Georgia political consultant Seth Weathers left the employ of Donald Trump’s campaign after one month. But he still has Trump – and the mass of disaffected voters following in his wake – on his mind. From ozy.com:
But this 31-year-old Southerner with a classic bootstrap tale isn’t satisfied being just another Trump groupie. One month into the job, he quit, and he’s about to make news as early as this week by forming a new super PAC, Will Not Bend. Weathers, distancing himself from the Donald, says its focus will be to merely “bring out unconventional Republican voters” against Hillary. But really, whose supporters are less traditional than Trump’s? And the money from this committee could be the final touch to push Trump over the finish line. “This is going to be great for Trump,” a person close to the Trump campaign told OZY under condition of anonymity.
Super PACs are not allowed to give funds directly to a candidate — not since the Supreme Court decision in Citizens United v. Federal Election Commission, which ruled that super PACs can spend unlimited money on strategy, advocacy and all other elements of the giant machine required to power someone into office, except handing the dough directly to a Hillary or a Jeb. But it’s no secret which super PACs are putting millions of dollars into whom; indeed, nearly all of the presidential candidates today have one or more super PACs supporting them — except for Trump, who has bragged in just about every Republican presidential debate about funding his own way to 1600 Pennsylvania Avenue. When OZY reached out, Trump press secretary Hope Hicks reiterated that the billionaire has denounced all existing super PACs “that were claiming to support” him. (The campaign declined to return messages seeking comment on Weathers.)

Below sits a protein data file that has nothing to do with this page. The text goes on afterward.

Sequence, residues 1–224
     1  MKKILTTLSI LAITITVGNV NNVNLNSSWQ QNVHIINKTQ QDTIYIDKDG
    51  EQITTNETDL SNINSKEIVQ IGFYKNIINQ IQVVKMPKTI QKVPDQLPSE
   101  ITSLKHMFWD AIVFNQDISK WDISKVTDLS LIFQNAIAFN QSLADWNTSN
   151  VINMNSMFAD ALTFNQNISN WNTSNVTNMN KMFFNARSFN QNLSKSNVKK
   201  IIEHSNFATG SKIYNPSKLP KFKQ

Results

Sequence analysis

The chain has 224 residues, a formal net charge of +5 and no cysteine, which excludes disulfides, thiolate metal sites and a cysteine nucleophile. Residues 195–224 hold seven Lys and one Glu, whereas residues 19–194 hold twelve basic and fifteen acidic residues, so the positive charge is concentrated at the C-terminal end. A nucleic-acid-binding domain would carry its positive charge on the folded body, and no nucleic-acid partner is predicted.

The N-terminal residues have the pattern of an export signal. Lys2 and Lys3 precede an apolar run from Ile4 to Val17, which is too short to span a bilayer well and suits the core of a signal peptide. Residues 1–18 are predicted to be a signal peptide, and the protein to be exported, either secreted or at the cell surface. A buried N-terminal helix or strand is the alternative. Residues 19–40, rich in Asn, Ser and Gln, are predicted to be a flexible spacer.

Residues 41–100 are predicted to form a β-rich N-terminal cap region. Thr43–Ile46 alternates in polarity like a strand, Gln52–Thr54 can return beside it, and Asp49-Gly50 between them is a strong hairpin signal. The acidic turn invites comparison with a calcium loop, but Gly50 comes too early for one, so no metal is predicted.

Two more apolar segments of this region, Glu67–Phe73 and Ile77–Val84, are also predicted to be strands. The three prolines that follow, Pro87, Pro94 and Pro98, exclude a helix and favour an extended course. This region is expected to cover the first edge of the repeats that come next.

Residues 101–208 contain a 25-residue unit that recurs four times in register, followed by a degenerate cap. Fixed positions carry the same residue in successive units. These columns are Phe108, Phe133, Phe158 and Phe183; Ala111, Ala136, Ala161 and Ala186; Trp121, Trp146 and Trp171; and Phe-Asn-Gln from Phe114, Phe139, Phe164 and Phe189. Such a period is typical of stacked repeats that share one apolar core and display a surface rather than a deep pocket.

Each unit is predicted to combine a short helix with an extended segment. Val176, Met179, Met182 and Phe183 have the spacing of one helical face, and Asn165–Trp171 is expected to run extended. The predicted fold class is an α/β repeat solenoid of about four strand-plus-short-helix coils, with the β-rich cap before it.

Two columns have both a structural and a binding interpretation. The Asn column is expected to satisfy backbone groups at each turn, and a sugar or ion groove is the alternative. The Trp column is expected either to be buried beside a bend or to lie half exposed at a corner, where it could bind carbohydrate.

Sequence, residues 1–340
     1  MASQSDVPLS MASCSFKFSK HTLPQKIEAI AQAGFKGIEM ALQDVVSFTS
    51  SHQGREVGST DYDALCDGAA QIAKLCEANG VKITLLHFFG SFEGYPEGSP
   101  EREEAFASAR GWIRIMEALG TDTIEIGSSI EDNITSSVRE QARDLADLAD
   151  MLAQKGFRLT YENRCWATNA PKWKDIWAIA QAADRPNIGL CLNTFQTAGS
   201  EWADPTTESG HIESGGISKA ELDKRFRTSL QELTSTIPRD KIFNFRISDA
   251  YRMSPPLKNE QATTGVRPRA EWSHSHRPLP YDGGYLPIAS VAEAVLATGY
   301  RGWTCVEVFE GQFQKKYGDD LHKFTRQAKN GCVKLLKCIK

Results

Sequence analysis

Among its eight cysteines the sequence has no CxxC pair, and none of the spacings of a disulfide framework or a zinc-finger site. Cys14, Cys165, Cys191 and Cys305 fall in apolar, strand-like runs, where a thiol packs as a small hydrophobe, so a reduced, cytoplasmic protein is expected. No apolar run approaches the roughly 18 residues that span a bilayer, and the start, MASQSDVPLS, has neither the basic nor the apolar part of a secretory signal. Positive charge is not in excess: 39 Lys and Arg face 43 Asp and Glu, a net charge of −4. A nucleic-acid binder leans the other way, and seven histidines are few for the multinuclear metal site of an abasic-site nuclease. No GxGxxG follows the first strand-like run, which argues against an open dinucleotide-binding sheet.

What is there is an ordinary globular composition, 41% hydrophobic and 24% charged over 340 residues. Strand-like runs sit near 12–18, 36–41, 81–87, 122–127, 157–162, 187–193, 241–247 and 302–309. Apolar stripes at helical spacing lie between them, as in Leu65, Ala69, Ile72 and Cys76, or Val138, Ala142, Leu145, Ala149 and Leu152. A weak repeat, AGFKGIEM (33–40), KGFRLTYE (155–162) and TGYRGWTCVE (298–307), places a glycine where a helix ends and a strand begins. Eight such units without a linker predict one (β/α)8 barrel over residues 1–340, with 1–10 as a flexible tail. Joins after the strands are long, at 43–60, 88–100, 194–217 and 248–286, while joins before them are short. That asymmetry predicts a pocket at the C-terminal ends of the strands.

But Weathers has his own plans, ones that are not limited to landing Trump in the Oval Office. He’s going national — far from this dimly lit, leather-cushioned Alpharetta cigar bar, which he describes as “where you go if you’re a 30- or 40-something Republican and want to bite into a bloody steak.” This is an easy fiefdom to rule, comfortably conservative, friendly and local in a red state. Weathers wants more. Months away from a primary, almost a year to the general, he isn’t willing to admit what he’s dreaming of — a job in the administration? A career as a Washington strategist? “If I say it out loud,” he says, “it won’t come true.”
OK Trump voters. Tell us again that Trump is funding his own campaign and is going to stop business as usual politics in Washington. Or that Trump is shutting down his allied SuperPACs. Or, perhaps like the Constitution, principle is something you can suspend temporarily until we figure it all out.